Although this is an article about a technique that will make your stories, comics etc.. more intriguing and realistic, I’m going to have to spend the next few paragraphs talking about 1990s videogame nostalgia. There’s a good reason for this that I hope becomes obvious later in the article.
A couple of days before I prepared the first draft of this article, I happened to watch two online videos about the history of videogames. One made me feel old and one made me feel like I’d been part of something special. Both made me feel like I’d only seen part of something important from a distance.
One of them was this video about the fact that a survival horror game called “Resident Evil 2” was 20 years old. 20 years! Needless to say, this fact was surreal to say the least. I remember reading pre-release previews of this game in magazines, for heaven’s sake!
Even though I didn’t play this game until about three years after it was released (due to price, platform etc.. reasons), this game has had a significant role in my life history (eg: in various highly indirect ways, it played a crucial role in my current musical tastes, my tastes in fiction, my decision to be a creative person etc.. If the game hadn’t existed, I’d be a very different person). And the fact that it was 20 years old just made me feel absolutely ancient.
The other video was a retrospective of the history of the first-person shooter genre. This video contained footage from videogames from my childhood (including some SNES and N64 games), in a montage about how games evolved. As I watched this, I was filled with conflicting emotions.
I felt proud that I’d been lucky enough to grow up during a critical part of the emergence a new cultural medium. But then, I realised that my nostalgia about this montage was time-shifted somewhat. When I was playing SNES games during my 1990s childhood, the next consoles had already come out. When I was playing the Nintendo 64, the next consoles had already come out etc.. Likewise, all of the PC games in the montage were things I played at least 1-3 years after they were new.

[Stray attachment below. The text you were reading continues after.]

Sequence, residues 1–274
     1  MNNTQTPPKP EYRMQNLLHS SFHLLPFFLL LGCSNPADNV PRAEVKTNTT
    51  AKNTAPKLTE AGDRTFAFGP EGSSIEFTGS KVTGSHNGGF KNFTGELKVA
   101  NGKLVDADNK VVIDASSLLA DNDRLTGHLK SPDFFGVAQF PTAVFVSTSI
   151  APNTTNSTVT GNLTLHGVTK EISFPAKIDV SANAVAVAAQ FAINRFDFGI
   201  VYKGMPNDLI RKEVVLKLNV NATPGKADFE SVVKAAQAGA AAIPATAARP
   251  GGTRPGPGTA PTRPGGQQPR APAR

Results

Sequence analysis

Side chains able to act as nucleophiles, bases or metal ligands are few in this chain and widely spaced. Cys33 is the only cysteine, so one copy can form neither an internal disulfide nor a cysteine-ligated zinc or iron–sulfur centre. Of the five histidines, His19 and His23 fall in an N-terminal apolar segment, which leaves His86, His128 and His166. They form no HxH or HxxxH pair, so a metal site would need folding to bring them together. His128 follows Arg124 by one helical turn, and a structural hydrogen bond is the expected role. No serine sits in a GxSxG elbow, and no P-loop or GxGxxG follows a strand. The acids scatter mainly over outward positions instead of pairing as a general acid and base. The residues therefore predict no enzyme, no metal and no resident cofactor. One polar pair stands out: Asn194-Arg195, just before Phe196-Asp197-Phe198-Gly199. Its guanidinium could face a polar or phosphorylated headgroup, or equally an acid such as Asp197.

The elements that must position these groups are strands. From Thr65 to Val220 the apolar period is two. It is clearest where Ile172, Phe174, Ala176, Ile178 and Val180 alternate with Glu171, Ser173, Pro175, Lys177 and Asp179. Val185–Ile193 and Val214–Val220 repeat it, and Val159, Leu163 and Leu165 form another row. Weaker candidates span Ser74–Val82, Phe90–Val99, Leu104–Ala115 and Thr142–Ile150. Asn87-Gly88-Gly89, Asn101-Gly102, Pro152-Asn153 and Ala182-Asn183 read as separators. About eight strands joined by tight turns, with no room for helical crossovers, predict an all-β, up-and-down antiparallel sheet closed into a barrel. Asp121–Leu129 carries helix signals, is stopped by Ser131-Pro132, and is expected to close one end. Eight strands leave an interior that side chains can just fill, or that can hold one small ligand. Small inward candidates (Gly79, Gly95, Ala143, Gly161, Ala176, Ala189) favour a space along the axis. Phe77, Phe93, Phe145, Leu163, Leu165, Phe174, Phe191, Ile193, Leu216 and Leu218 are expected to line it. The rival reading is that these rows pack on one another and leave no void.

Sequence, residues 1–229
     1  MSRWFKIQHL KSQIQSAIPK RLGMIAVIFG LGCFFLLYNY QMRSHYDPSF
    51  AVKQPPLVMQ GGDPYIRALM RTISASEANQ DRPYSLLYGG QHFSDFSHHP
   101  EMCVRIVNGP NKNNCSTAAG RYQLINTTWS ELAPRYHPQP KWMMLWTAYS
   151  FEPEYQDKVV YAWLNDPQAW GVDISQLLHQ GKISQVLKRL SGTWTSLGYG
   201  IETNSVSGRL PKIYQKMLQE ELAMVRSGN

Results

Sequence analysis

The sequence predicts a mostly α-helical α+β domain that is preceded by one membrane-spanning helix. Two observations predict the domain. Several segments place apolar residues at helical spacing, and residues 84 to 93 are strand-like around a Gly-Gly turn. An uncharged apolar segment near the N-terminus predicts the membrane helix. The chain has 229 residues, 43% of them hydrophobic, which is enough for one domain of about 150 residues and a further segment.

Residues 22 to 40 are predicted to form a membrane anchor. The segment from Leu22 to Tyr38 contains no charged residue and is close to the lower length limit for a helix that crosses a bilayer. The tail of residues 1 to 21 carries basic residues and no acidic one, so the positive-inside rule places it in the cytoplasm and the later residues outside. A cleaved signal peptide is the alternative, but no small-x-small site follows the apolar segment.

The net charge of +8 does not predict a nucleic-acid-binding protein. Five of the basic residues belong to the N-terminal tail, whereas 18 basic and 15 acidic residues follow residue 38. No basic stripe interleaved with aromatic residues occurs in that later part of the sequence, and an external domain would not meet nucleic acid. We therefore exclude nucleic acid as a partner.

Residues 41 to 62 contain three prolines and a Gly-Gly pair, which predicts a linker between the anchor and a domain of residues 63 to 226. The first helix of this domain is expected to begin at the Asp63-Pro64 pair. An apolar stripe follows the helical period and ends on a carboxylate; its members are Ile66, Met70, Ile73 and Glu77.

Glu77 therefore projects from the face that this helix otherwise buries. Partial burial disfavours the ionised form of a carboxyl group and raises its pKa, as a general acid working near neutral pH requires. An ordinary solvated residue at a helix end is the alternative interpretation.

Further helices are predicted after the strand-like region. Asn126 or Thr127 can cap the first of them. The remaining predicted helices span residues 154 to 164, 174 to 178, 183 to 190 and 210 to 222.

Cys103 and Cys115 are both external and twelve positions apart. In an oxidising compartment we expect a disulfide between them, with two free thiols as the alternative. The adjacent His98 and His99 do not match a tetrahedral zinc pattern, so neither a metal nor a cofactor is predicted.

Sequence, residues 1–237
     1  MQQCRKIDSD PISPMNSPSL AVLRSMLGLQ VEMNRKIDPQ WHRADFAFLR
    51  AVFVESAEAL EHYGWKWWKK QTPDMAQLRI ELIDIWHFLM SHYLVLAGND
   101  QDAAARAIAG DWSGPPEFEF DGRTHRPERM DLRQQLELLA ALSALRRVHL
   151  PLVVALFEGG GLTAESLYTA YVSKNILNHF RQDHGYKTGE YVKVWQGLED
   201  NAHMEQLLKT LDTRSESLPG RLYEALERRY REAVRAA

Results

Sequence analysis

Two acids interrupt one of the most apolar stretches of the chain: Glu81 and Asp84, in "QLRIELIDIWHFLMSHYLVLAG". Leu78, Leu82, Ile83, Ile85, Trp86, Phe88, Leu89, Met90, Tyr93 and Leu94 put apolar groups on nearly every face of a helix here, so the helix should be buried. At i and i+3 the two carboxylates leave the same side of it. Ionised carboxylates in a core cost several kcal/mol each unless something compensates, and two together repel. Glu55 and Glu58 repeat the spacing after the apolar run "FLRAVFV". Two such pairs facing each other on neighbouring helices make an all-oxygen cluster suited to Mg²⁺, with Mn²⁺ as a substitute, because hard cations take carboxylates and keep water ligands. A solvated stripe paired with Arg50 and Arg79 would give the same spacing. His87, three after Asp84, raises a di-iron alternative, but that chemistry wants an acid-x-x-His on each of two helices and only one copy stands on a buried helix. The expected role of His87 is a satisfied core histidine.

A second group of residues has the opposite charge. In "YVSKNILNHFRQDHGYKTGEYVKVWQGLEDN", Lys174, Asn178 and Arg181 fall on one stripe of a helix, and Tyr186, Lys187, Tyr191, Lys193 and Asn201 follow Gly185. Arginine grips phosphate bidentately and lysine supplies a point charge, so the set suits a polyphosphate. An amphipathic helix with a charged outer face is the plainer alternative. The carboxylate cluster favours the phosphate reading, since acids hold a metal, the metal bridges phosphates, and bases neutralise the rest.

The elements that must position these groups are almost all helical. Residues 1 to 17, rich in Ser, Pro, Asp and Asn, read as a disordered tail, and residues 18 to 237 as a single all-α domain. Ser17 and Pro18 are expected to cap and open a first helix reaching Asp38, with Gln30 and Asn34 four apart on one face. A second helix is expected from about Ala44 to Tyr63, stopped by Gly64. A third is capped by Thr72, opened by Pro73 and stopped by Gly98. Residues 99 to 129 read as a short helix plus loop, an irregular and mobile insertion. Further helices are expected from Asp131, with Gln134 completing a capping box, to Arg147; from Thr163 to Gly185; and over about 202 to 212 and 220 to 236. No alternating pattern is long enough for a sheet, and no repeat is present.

In both cases, there was a sense that I hadn’t seen everything. That I’d only glimpsed part of something great from a distance. I hadn’t played “Resident Evil 2” when it was a new game (but I’d read about it in magazines at the time). I’d only played a few key games in the history of gaming, a few years after they were new etc.. Yes, I felt glad to have grown up around these things but there was a sense that I hadn’t seen everything.
Although this initially felt depressing, I suddenly realised that it wasn’t a bad thing. It was simply just a part of being human. No-one can see literally everything that happens.
And, if you’re telling a story, it’s important to bear this in mind. Yes, it can be tempting to give the audience an omniscient view of literally everything and to make sure that they are present during literally every significant event in your story. But, this isn’t realistic.
By occasionally leaving a few things at a distance (eg: your characters hear about something happening after it has happened, or only see the after-effects of an important story event) or showing your characters discovering something important later than you would expect, not only do you leave more to your audience’s imaginations but you also add an extra degree of realism to your story. After all, in real life, this happens all of the time. No-one can be everywhere at once, or completely “up to date” with literally everything.
Yes, this probably has to be handled carefully in fiction (eg: yes, you should still show your audience some significant events) but it can be a way to add a bit of interest or “realism” to a story or comic.
For example, in stories, games, film etc… in the fantasy genre, some of the most significant events in a story will often be relegated to the backstory. They will be the “legends” or “myths” of a particular story, which the main characters only encounter many years after they have happened. So, this technique can be used without getting in the way of the main story too much.
Anyway, I hope that this was useful 🙂